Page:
• Professional Development.

The two strands are distinct, but have equal importance, and feed into one another: promoting the idea that high quality community dance experiences
are best delivered by highly skilled and professionally developed dance artists. (see          )

4. Professional Standards (see fig 1.)
The Framework will set out the core values of community dance and embed them in a Code of Professional Conduct. Artists and organisations will be able to formally sign up to the values and adopt the Code of Professional Conduct as a commitment to safe, responsible and ethical working practices, including compliance with legal frameworks.

The Core Competencies will detail the knowledge and understanding, skills and abilities, attitudes and personal qualities required by dance artists working in community dance. Recognising that some areas of practice demand specialised expertise, there will also be profiles of Specialist Competencies for working in early years, health etc. The profiles can be used as the basis for self-assessment, peer and employer appraisal, guidelines for employers, training curricula and so on.

The Passport and Visa structure offers artists affirmation and formal recognition of their professional skills, knowledge and abilities. Artists will be able to apply for a passport that reflects their level of competence, experience and expertise in community dance settings. Similarly, individuals will be eligible for a Visa in specialised areas of practice according to their expertise in that area. Employers guidelines will explain the Passport/Visa, what they mean and what can be expected of, for example, a dance artist who posses a Visa in working in early years. This system does not dictate the means by which artists should achieve a given level of competence or prescribe the routes through which they must learn their craft or hone their professional skills; therefore engagement with the scheme is not fixed to any particular stage of a career or point of entry into the profession.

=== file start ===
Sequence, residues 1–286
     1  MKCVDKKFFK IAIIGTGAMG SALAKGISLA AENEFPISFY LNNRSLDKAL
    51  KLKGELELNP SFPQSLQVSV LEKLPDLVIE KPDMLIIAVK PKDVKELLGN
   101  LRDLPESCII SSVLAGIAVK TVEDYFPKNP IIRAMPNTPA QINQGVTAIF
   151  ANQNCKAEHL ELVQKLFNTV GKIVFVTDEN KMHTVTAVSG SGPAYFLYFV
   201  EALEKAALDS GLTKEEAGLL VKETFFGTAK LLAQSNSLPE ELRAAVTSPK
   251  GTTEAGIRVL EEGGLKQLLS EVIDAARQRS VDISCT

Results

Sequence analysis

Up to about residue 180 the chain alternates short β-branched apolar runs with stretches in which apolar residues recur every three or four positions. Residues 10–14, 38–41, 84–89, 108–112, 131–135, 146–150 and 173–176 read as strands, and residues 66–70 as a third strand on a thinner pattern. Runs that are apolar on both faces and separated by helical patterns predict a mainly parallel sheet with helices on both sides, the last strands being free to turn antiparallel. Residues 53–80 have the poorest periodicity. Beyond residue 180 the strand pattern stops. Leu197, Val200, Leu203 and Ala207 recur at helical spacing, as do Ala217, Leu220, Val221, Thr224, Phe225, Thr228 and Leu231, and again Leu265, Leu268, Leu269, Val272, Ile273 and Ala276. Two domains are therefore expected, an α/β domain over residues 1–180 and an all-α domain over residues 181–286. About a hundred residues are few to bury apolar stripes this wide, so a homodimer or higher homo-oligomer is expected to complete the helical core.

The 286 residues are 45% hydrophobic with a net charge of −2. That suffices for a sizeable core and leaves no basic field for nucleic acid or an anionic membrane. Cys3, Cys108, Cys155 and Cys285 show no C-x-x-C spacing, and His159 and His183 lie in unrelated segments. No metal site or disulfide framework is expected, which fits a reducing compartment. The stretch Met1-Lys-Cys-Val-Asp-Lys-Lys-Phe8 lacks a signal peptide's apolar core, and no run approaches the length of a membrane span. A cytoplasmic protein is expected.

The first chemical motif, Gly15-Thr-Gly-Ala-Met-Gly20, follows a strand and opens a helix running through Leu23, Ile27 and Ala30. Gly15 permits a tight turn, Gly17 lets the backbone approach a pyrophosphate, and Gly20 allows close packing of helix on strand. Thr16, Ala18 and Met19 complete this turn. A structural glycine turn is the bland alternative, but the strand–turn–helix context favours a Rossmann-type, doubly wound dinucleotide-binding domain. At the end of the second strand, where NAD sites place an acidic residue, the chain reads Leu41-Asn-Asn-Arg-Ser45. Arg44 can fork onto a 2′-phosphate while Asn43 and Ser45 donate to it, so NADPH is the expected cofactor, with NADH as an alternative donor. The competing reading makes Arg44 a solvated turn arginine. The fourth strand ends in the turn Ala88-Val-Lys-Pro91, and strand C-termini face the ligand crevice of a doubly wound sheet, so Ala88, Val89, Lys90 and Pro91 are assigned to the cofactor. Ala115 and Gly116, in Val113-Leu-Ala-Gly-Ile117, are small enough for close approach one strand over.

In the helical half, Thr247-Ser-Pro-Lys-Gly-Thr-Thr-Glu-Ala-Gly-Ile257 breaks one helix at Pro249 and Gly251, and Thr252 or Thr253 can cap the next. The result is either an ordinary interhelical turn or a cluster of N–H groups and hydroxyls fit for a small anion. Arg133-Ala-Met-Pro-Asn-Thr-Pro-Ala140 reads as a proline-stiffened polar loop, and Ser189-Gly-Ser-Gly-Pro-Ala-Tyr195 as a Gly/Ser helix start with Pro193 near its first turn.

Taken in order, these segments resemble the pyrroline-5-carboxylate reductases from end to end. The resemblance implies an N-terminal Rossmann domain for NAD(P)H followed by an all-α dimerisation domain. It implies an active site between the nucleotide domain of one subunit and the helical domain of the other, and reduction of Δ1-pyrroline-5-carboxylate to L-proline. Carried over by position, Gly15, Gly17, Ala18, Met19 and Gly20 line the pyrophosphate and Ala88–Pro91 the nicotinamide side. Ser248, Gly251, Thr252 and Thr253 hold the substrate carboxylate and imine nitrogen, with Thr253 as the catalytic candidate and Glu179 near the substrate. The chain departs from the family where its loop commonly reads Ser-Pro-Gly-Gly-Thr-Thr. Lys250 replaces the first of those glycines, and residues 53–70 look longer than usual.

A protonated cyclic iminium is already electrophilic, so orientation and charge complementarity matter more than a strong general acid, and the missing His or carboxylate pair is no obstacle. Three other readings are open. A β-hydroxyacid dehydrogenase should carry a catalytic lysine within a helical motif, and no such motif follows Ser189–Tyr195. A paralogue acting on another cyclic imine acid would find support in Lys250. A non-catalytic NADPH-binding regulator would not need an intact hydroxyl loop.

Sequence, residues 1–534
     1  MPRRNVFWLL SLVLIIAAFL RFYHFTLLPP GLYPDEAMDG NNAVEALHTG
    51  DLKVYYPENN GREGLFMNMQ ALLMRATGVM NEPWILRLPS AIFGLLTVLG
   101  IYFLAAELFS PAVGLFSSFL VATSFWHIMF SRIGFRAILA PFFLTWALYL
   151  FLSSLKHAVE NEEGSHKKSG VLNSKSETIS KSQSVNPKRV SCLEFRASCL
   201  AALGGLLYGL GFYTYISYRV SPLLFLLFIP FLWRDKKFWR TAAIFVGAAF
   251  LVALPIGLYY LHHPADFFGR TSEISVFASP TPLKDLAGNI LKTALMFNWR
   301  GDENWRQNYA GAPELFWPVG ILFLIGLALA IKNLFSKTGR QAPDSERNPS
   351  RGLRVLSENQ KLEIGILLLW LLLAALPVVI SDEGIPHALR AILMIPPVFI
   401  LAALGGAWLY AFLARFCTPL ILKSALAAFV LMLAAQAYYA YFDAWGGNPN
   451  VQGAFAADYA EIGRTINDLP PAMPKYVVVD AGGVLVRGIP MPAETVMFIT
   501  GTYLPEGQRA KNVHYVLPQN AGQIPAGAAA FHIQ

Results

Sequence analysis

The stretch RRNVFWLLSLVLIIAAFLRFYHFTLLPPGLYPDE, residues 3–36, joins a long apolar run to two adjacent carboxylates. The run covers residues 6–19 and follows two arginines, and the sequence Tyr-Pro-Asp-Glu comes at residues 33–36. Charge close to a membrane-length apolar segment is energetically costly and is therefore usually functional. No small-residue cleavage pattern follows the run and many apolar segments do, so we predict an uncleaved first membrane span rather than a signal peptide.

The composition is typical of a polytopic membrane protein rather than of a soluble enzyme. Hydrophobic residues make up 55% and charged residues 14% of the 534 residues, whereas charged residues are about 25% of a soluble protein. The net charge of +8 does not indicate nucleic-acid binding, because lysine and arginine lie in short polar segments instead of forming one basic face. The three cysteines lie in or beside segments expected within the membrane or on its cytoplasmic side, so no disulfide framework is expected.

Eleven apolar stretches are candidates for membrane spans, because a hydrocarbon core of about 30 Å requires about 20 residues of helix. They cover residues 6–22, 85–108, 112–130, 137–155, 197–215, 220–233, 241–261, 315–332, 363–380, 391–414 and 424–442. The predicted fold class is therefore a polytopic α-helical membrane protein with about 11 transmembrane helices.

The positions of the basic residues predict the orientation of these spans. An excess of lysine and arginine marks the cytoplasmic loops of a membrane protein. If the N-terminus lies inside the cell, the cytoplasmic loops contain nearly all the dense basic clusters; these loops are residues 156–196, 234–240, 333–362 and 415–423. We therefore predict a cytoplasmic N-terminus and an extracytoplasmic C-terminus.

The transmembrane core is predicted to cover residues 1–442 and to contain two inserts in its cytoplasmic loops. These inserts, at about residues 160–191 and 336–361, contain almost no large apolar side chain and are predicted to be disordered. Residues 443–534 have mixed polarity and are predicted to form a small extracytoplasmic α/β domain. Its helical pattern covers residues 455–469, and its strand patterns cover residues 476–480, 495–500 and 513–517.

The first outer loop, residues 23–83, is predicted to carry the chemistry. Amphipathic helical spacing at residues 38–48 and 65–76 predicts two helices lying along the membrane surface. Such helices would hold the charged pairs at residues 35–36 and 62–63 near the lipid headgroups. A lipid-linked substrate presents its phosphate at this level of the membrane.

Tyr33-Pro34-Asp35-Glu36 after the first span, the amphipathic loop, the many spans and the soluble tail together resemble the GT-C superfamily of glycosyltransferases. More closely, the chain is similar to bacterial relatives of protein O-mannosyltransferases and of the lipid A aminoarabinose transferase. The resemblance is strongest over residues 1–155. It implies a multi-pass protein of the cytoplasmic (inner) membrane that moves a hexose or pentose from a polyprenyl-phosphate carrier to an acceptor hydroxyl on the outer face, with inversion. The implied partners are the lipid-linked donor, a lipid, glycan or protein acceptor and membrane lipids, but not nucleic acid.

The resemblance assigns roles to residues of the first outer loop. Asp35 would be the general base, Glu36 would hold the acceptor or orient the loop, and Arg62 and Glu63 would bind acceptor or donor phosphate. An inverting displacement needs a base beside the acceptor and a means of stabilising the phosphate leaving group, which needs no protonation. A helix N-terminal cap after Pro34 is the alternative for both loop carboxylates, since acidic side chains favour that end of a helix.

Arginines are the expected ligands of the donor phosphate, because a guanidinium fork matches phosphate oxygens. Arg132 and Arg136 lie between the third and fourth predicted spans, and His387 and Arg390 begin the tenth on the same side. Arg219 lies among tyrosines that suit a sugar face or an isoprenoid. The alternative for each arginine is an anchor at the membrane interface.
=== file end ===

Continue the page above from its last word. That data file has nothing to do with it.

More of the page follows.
The Professional Register provides a means of regulating professional standards in community dance. It would be administered and monitored by the Foundation for Community Dance, in partnership with other organisations and specialist providers and supported by regional forums. Inclusion on the Register would require an artist to sign up to the Core Values, adopt the Code of Professional Conduct and meet the requirements for the Passport/Visa. Ongoing registration would require evidence of: continued compliance with safe and ethical practice; engagement in CPD to support professional competence and development; and self/peer appraisal. In this way, the Professional Register endorses quality practice in terms of values, ethics, professional conduct, competencies and a commitment to engagement in CPD, as opposed to achieving professional recognition only through the attainment of a named qualification. The register should be scaleable and able to develop and integrate with other structures as they emerge.